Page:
Yet another death on a Denver arterial

by Jessica Vargas on January 11, 2018

On December 21, 18-year-old Dominique Amos became the 14th and final person to die while walking on Denver’s streets in 2017, when a person driving struck and killed her on Leetsdale Drive near Quebec Street. With a posted speed limit of 40 mph and a street design that encourages even higher speeds than that, it’s not surprising that Leetsdale is part of Denver’s “High Injury Network” – the five percent of streets where 50% of traffic fatalities occur.

Image credit: Streetsblog Denver


The Denver Police, Public Works, and CDOT (since Leetsdale is a state highway) all recognize the intersection of Leetsdale and Quebec as particularly problematic, with four pedestrian fatalities between 2012 and 2017. While the intersection has a traffic signal and crosswalks, people waiting to cross the street must press a “beg button” to get a WALK signal. The wide turning radii at the corners invites drivers making a right to speed through the crosswalk, heedless of pedestrians attempting to hustle across the six lanes of traffic. Although Leetsdale has a median, it’s not designed to provide safe refuge for pedestrians.

The intersection also serves the 83L/D bus line, one of the more heavily used routes in the RTD system, and the long articulated buses used to accommodate the high ridership requires the stops to be located pretty far back from the intersection. After Quebec, the next signalized intersection is at Oneida, nearly 1500 feet away. Most people just won’t walk more than a couple of hundred feet out of their way simply to cross the street, and there are plenty of desirable destinations on both sides of the street – including restaurants and a large apartment complex – tempting people to cross mid-block.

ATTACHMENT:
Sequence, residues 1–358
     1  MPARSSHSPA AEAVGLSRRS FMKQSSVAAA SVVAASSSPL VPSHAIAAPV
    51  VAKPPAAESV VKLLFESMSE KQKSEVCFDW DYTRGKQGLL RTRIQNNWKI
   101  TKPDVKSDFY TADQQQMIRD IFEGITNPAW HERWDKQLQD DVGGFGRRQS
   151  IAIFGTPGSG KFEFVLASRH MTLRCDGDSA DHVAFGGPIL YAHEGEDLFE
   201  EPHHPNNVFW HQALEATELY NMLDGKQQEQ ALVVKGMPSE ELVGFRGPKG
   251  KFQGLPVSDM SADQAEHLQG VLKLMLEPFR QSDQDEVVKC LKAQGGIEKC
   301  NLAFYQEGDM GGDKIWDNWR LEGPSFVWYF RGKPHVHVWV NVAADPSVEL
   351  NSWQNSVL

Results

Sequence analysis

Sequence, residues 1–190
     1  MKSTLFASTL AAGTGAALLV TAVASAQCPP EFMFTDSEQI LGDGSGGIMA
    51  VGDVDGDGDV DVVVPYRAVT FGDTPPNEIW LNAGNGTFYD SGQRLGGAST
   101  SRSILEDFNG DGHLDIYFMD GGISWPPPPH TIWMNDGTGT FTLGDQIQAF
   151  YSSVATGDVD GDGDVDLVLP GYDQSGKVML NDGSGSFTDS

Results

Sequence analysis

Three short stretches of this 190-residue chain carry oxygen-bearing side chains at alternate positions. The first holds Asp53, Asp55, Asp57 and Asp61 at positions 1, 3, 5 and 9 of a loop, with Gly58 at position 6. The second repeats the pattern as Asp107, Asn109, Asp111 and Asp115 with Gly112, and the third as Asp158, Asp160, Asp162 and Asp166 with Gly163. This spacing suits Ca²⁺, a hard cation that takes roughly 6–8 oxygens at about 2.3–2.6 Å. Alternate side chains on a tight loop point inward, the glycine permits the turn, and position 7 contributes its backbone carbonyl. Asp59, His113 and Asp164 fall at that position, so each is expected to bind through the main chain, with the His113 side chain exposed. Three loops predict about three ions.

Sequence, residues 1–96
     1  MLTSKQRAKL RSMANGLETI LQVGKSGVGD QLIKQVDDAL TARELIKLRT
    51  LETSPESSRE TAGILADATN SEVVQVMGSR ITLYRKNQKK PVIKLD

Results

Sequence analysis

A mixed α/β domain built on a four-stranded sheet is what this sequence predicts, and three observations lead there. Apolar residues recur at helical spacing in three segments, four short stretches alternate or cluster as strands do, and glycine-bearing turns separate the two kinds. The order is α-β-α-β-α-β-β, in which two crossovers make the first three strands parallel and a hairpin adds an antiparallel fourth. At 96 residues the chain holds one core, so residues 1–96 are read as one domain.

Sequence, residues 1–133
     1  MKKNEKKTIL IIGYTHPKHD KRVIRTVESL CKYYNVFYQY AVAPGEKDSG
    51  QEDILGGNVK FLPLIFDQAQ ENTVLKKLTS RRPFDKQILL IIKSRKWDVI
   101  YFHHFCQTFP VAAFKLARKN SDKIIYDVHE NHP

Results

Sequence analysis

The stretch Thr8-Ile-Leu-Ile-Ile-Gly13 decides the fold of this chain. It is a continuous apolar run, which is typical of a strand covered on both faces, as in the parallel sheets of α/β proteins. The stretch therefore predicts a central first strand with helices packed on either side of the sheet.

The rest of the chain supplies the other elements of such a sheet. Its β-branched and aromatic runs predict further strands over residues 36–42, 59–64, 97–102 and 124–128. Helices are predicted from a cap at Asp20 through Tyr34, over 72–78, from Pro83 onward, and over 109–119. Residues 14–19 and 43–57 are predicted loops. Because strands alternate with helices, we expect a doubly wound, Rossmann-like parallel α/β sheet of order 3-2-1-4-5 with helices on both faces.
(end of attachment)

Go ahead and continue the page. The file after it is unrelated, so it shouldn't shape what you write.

Image credit: Google Maps


Denver’s Vision Zero Action Plan further identifies the surrounding neighborhoods as “Communities of Concern” – areas with low income and education levels, high concentrations of seniors and people with disabilities, low rates of vehicle ownership, high obesity rates, and high numbers of schools and community centers. In other words, this highly dangerous arterial cuts through neighborhoods populated by some of Denver’s most vulnerable residents.

Image credit: City & County of Denver


The good news is the “Go Speer Leetsdale Study” completed by the City last year recommends changes to the corridor that would significantly improve safety for everyone, including center-running dedicated bus lanes; a wide, shared-use bicycle and pedestrian path; enhanced medians with pedestrian refuge islands; curb extensions at intersections to shorten crossing distances; and smaller corner turning radii. The bad news is the City has not yet allocated any funding to implement these changes. Dominique Amos’s untimely death is just the most recent reminder of the urgency of doing so.

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